Experienced refinishers know the problem, as winter approaches and temperatures drop, refinish preparation work needs to be adapted accordingly. Lower temperatures can render clear coats and hardeners more viscous, making them much harder to work with.
Although most of South Africa is blessed with mild winters, there are still areas that receive extreme cold. So how can you best prepare your paint room for the cooler season?
Tip 1: 20ºC is Ideal
Temperature plays a critical role in many chemical processes; refinishing is no exception. That’s why refinishers need to pay particular attention to it in the cold winter months.
“Axalta products are pretty robust and, up to a point, they are quite forgiving of environments that are not ideal. Nonetheless, body shops should ensure certain minimal conditions are met to make sure they achieve professional results, even in winter,” said Paul Polverino, national training manager. “When storing or working with VOC compliant clear coats, temperatures should not be allowed to drop below 20ºC. This simple precaution can ensure optimal viscosity and sprayability. It is imperative that water-based products be protected against frost.”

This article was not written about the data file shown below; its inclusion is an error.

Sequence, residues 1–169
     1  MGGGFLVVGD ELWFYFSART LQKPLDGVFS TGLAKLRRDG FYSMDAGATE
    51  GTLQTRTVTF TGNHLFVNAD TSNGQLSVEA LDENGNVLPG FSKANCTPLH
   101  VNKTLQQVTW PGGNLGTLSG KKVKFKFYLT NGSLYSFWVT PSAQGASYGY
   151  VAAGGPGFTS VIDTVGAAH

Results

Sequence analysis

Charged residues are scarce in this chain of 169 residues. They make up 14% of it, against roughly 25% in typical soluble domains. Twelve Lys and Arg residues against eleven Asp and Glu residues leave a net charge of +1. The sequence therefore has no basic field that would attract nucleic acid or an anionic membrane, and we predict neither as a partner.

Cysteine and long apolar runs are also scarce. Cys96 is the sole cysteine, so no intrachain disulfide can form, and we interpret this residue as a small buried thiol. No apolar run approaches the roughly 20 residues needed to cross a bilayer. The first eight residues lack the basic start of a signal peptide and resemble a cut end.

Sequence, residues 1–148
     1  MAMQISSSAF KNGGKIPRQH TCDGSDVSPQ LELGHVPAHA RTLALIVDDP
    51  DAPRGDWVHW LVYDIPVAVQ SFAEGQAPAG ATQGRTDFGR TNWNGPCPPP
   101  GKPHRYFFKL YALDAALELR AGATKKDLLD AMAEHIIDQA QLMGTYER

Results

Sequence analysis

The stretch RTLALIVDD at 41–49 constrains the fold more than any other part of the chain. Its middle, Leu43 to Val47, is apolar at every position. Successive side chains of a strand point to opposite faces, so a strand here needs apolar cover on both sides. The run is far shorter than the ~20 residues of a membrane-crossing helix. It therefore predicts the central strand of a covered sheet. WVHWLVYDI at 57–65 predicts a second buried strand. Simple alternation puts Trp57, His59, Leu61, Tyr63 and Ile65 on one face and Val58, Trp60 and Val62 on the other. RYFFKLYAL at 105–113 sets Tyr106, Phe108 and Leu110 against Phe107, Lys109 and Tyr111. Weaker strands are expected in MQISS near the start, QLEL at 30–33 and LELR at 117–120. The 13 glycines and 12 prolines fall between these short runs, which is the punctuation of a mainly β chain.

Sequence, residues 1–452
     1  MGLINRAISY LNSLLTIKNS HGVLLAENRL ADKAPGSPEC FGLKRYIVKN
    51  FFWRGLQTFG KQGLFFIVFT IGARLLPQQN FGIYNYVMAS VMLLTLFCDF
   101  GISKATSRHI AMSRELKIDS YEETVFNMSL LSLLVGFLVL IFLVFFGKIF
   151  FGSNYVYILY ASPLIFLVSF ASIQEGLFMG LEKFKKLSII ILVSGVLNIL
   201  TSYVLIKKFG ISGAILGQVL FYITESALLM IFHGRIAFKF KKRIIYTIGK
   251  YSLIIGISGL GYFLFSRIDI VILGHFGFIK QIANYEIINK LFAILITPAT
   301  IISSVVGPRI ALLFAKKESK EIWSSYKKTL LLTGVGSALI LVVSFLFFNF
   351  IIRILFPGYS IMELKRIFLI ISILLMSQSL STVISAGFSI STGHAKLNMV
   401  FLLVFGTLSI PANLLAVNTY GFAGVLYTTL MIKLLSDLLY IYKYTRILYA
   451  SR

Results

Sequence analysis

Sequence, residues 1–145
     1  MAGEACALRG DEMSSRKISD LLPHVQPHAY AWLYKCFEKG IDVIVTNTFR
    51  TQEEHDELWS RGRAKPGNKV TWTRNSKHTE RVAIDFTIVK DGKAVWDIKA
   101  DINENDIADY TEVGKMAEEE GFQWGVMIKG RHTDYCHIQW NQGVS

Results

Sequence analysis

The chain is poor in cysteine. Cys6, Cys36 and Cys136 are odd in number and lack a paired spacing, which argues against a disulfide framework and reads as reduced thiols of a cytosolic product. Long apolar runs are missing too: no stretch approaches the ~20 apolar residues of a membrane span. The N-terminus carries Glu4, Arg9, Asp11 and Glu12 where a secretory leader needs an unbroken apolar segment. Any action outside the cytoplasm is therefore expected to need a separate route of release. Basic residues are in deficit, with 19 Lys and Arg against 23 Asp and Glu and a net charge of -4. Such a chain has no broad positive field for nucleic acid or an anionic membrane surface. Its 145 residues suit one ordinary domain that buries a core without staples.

Tip 2: Don’t over-dilute cold paint
“If a paint product seems thicker than usual during mixing, check its temperature and viscosity. In most cases, the problem is usually that the paint is simply too cold,” said Polverino. Additional diluting of the product with extra thinner is not the optimal solution. Make sure the materials about to be used are at a room temperature of at least 20ºC. Climate controlled paint mix and storage rooms can be well worth the effort in colder areas.
Tip 3: Bring vehicles into the heated spraybooth
Temperature is not only relevant for paint products and components, but also for car bodies, which should not be allowed to get too cold. If they do, a fine moisture film can develop on the surface as the vehicle warms up. This can create problems with the flow, surface wetting and adhesion of the fresh paint and can lead to long term defects such as blistering. “This kind of moisture layer can make a superior result almost impossible to achieve. Allow the vehicle to stand in the heated spray booth for some time before starting work,” said Polverino.
Tip 4: Don’t “over-compensate” with a high spraying temperature
Just because it’s cold outside doesn’t mean we have to reach for the fastest hardener available. If your spray booth is running between 20-25ºC and has a quality bake cycle reaching recommended metal temperatures, then conditions are normal (inside the booth). Therefore, your hardener and thinner choice should be selected based on the size of the job and your spray booth’s conditions. Note that problems can occur if spraying is carried out in higher temperatures, particularly if combined with the wrong hardener choice.